4

I'm curious as to how long postdoc positions in math usually last for. I'm far away from thinking much about this myself but all my grad student friends seem to be telling me they only last a year or two. Now I know people don't want a postdoctoral position that's too long, but I'm getting the sense that postdocs in math are both less common and generally shorter than post docs in other areas. I'm wondering if this is true or if I'm just getting the wrong idea as an undergrad from a relatively small pool of graduate students. Primarily I'm just curious as to how long these positions usually last in mathematics.

  • 1
    In my experience in technical fields, the typical postdoc is two years, with some extendible for one year. I have only seen a single case of a five year postdoc position. – Davidmh Jun 25 '17 at 8:26
  • 1
    This surely depends on what country you're asking about. Postdocs are usually funded from research grants so the answer is going to depend on what length projects the funding agencies support in particular regions. – David Richerby Jun 25 '17 at 8:50
  • 2
    @DavidRicherby Most math "postdocs" (in the US) are essentially short-term pre-tenure-track faculty positions, paid by the department from general funds, not by research grants. (And they are extremely common.) – JeffE Jun 25 '17 at 22:38
  • @JeffE OK but that makes my point even stronger! Even the things I assumed would be the same but cause differences turn out to be different. – David Richerby Jun 26 '17 at 8:48
  • I just saw a letter from 1973 in Physics Today (looking for something else). At that time, the standard physics post-doc was apparently a two year position, and the letter writer was advocating for three year positions split across two different groups. One argument was that the second year was spent job-hunting while the first was spent feverishly trying to produce results. – Jon Custer Jun 26 '17 at 17:05
6

This varies considerably from country to country. In the US, the "gold standard" is typically a 3 year position (just a quick look at MathJobs reveals ones at Baylor, Dartmouth, Northeastern, and that was just on the first page of listings). Note that some will say that they are shorter with a possibility of extension to 3 years; the extension is generally just a formality. There are even occasionally 4 year positions. There are also a mix of shorter positions: one semester or one year appointments at institutes like MSRI or IAS are usually intended to complement specific programs, and generally taken as a supplement to a longer term position. Sometimes there are shorter grant funded positions, though in most cases I know in the US, the department will be able to step in to extend the appointment to 3 years. "Postdoc" is also a kind of porous category; sometimes departments will hire shorter term positions when they just need someone to teach a few classes which fit somewhere on the continuum of postdoc to adjunct positions.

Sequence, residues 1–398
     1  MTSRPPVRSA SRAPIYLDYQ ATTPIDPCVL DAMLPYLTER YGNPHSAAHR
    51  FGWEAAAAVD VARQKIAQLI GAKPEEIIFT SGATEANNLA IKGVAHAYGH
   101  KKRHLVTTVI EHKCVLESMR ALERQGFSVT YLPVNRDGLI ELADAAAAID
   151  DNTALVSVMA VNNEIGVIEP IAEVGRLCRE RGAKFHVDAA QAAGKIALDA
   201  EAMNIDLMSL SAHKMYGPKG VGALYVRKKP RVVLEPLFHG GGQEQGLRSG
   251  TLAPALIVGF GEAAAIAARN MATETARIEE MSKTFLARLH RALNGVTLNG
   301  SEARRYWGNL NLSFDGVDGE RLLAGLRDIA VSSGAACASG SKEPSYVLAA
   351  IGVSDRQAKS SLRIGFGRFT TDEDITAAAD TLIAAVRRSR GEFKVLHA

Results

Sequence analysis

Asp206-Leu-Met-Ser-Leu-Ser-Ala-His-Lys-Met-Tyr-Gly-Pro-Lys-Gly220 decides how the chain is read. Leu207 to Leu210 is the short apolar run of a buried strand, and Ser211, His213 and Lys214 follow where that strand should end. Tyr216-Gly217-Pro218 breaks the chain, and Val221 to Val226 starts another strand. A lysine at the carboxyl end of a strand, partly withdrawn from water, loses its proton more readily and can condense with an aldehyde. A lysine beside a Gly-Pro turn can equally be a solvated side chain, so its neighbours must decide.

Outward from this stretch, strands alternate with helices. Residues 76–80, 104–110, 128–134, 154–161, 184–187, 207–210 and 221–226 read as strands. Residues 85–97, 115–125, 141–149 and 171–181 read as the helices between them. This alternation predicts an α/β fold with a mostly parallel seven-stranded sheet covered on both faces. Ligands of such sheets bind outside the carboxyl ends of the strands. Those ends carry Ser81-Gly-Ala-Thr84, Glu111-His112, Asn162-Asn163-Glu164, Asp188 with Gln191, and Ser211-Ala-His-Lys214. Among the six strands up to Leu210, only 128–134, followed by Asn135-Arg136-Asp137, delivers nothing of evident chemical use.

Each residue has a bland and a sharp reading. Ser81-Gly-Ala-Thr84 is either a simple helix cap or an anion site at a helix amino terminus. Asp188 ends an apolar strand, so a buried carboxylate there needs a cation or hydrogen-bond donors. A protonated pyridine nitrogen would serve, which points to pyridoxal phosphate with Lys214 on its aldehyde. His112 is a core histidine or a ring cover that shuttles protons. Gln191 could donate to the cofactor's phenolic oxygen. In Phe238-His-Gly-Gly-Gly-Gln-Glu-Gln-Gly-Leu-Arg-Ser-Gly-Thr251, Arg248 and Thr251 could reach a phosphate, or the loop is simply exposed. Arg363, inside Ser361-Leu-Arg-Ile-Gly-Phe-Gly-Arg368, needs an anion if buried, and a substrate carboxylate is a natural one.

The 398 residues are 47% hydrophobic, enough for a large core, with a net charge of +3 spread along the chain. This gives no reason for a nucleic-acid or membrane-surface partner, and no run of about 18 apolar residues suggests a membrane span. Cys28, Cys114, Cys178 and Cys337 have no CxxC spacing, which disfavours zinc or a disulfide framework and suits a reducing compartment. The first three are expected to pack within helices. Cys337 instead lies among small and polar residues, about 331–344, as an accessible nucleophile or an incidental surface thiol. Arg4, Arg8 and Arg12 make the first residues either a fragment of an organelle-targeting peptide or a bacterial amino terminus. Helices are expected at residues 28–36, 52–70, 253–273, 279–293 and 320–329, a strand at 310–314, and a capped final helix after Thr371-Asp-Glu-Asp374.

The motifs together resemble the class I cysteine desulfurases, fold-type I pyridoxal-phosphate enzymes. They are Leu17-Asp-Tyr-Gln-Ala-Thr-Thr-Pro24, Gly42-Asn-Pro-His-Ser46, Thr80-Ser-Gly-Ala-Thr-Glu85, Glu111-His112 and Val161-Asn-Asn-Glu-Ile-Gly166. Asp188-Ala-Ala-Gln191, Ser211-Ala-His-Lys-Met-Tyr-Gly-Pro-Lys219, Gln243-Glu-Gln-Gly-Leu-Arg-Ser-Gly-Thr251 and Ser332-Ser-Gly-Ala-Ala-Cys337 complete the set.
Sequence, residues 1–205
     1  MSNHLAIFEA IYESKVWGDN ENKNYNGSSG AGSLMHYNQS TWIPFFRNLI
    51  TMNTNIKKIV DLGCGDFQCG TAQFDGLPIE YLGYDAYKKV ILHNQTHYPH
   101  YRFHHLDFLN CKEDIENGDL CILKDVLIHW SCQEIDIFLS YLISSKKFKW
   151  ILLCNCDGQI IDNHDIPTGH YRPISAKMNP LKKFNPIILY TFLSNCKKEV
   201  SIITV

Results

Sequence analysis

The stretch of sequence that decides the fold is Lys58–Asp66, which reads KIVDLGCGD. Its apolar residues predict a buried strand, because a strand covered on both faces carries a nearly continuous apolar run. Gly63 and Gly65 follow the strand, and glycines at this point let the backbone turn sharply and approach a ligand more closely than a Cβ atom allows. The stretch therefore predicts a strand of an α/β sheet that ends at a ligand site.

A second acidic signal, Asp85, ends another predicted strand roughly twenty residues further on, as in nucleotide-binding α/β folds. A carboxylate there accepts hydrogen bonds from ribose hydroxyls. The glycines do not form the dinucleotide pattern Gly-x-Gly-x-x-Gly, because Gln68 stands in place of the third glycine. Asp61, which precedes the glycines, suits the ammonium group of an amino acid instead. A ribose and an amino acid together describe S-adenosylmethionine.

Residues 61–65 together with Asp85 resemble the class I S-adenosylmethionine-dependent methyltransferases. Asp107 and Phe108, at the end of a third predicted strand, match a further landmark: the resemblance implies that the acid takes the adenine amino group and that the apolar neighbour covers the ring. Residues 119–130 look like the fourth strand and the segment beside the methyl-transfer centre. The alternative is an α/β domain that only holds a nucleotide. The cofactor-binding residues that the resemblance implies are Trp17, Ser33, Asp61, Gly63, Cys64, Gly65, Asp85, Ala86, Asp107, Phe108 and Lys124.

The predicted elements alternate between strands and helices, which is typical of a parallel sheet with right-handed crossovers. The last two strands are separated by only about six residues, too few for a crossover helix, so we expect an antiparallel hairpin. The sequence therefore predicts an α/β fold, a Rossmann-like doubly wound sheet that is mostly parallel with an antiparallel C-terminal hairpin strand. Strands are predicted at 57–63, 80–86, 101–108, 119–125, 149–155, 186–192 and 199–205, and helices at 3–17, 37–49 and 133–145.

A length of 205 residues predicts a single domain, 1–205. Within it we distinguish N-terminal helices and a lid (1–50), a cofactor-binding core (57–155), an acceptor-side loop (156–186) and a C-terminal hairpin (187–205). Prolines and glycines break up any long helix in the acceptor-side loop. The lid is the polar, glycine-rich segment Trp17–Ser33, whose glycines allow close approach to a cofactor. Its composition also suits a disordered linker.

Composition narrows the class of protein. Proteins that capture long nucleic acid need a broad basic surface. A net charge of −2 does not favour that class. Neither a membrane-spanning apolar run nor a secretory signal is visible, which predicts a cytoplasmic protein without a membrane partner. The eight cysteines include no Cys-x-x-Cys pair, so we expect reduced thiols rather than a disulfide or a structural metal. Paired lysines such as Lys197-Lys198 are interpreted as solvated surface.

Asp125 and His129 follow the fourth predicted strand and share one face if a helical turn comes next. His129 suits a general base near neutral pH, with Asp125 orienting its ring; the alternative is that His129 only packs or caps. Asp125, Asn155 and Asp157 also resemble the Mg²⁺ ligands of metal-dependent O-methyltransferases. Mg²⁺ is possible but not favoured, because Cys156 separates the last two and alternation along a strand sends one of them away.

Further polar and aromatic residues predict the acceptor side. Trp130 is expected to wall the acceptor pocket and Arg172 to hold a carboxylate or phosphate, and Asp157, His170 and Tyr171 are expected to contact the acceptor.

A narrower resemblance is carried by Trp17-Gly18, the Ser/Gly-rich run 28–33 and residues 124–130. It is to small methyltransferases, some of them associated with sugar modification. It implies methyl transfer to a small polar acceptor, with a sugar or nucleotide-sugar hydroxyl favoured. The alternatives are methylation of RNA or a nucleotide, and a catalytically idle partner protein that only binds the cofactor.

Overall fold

In the rest of the world, positions this long are much less common, due to some mix of cultural and economic factors, but certainly not unknown. Generally positions outside the US are funded by grants, and it is hard to get enough funding to support a postdoc for 3 years (in most countries).

2

While it is hard to say anything completely precise, your friends would generally be correct if they were speaking about postdocs in Europe (at least in my branch of pure math).

I have looked through a lot of math postdoc positions while looking for one myself, and at least in Europe they rarely last more than 2 years.

This is not to say that there are no 3-year postdocs, but they are far between, at least in pure math in Europe.

  • 1
    But since the OP's friends are (presumably) American, based on the location, they are actually wrong. – Ben Webster Jun 25 '17 at 8:33
  • Ahh, good point. I had not checked where the OP was located. I will edit to make it more clear what geographic region my answer pertains to. – Tobias Kildetoft Jun 25 '17 at 8:36
  • Yes I'm in the U.S. thanks. Sounds like my impression was incorrect! – Liam Cooney Jun 26 '17 at 19:32

Your Answer

By clicking “Post Your Answer”, you agree to our terms of service, privacy policy and cookie policy

Not the answer you're looking for? Browse other questions tagged or ask your own question.